Supporting Brain Health Throughout Life

Full article published in MegaZEN Volume 7.

It was once thought that memory was something we couldn’t improve and that our ability to remember things was static and unchanging. Now, we know that’s not true. Memory is a skill, and like any other cognitive abilities such as mathematics or foreign languages, we can strengthen it by consciously using it.

When people say they want to improve their memory, they usually mean their short-term memory, the function of the brain that helps us store and recall small bits of information like the name of a new co-worker or the phone number from a For Sale sign. Typically, the short term memory can hold up to seven pieces of information at the same time. After that point, something has to go. Long-term memory is for those things we don’t need to recall in the immediate moment, such as important experiences and facts about our lives.

While there are many things we can do to improve our memory, it’s important to realize that memory is a function of the brain. As such, anything we can do for brain health will automatically work toward a better memory as well. In the same way, a healthy body means a healthy brain, so anything we do for our overall physical health will also benefit us on a cognitive level. When we learn to feed and exercise our brain properly, we don’t have to accept memory slippage as a natural part of aging, because it’s not.

Answers & Alternatives

Maximing Memory

Eat a brain boosting diet.

The brain is 60% fat and functions best when we eat healthy saturated fats that contain essential fatty acids like omega-3, which are crucial for brain function. Some healthy fat sources high in omega-3s are herring, mackerel, salmon, cod liver oil, sardines, anchovies, flaxseeds, chia seeds, walnuts, and pasture-raised meat and eggs. A Mediterranean diet, which is high in these foods, along with vegetables, non-sweet fruits like avocado, and a daily glass of red wine has been shown to boost memory and delay age-related cognitive decline.1 Seniors on the MIND diet, a version of the Mediterranean diet developed by neurologists, showed a 53% reduced risk for Alzheimer’s disease.2 A ketogenic diet (high fat, low carb, moderate protein) has also shown promise in improving mild cognitive impairment.3 Avoid sugar. High blood sugar levels have been shown to decrease activity of the hippocampus, the area of the brain associated with memory, along with instigating attention and short-term memory deficits.4 Other brain boosting foods include broccoli, cauliflower, celery, and curry.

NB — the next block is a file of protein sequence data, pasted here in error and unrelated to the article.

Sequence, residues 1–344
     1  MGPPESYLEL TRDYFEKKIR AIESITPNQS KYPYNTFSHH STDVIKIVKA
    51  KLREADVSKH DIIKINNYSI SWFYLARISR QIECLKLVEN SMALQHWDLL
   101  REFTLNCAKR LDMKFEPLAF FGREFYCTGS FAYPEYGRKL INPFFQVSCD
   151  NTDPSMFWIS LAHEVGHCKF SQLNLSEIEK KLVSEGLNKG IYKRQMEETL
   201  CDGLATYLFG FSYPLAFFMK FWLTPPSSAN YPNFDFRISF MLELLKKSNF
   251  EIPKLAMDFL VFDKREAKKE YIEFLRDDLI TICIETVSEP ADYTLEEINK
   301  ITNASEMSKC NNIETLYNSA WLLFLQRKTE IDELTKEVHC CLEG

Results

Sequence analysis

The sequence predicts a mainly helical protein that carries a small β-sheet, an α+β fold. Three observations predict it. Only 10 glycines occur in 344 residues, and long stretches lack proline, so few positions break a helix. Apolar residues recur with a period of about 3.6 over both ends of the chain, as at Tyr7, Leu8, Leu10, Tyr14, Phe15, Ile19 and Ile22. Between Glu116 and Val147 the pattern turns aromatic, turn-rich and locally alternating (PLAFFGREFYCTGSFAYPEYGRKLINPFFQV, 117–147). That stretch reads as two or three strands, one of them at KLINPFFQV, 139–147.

Maximing Memory

Exercise.

Physical exercise increases blood flow and oxygen to all parts of the body, including the brain. In particular, aerobic exercise causes the nerve cells to release proteins called neurotrophic factors that trigger numerous chemical reactions beneficial to cognition and learning. Research also shows that not only does aerobic exercise help the brain learn better and faster,5 but it expands the memory center (hippocampus) of the brain, even in aging people.6

Maximing Memory

Get good sleep.

Getting a full eight hours of sleep every night is essential for overall health, but especially brain function. Studies show that not only is good sleep vital to memory,7 but deep REM sleep improves problem-solving capability and significantly increases creativity and generating new ideas.8 If you need tips for better sleep, see our article “Rest & Rhythm” in MegaZEN Volume 4.

Supplement.

Even people with the best diet don’t always get the proper amount of nutrients they need. To ensure optimal brain function, take a food-based multivitamin every day. Proper amounts of vitamins C, D, E, K and B complex are vital to brain health, as well as magnesium, iron, iodine, and zinc. Plan on taking a good omega-3 supplement, as well, in the form of cod liver or krill oil. You might want to consider these additional supplements that have been shown to enhance memory: acetyl-l-carnitine, citicoline, curcumin, Ginko biloba, American ginseng, magnesium threonate, Arctic root, and vinpocetine. There is no need to take lots of pills, just a high quality vitamin, omega-3 supplement and anything else that works for you.

Read the full article originally published in MegaZEN Vol. 7 (Print) or in the digital version below:

Sources

[1] Hardman, Roy et al. (2016). Adherence to a Mediterranean-style diet and effects on cognition in adults: a qualitative evaluation and systematic review of longitudinal and prospective trials. Frontiers in Nutrition, 3(22), 125-129, (http://bit.ly/2KFPzz3)

[2] Bennett, D et al. (2005). The rush memory and aging project: study design and baseline characteristics of the study cohort. Neuro-epidemiology, 25(4), 163-175, (http:// bit.ly/2H3dmrz)

[3] Krikorian, R et al. (2012). Dietary ketosis enhances memory in mild cognitive impairment. Neurobiology of Aging, 33(2), 19-27, doi: 10.1016/j.neurobiolaging.2010.10.006.

[4] Aubele, Teresa, “Why a sugar high leads to a brain low”, Psychology Today, (October 18, 2011),
(http://bit.ly/2YLop3x)

[5] Rhyyu, I et al. (2010). Effects of aerobic exercise training on cognitive function and cortical vascularity in monkeys. Neuroscience, 4(2), 1239-1248, (http://bit.ly/2MZDTKn)

[6] Brinke, L et al. (2014). Aerobic exercise increases hippocampal volume in older women with probable mild cognitive impairment: a 6-month randomized controlled trial. British Journal of Sports Medicine, 49(4), 223-229, (http://bit.ly/2MYxvmn)

[7] Ellenbogen, J et al. (2006). Interfering with theories of sleep and memory: sleep, declarative memory, and associative interference. Current Biology, 16(2), 1290-1294, doi: 10.1016/j.cub.2006.05.024.

[8] Berlin, Leslie, “We’ll fill this space, but first a nap”, The New York Times, (September 27, 2008), (https://nyti.ms/2Kxm3g1)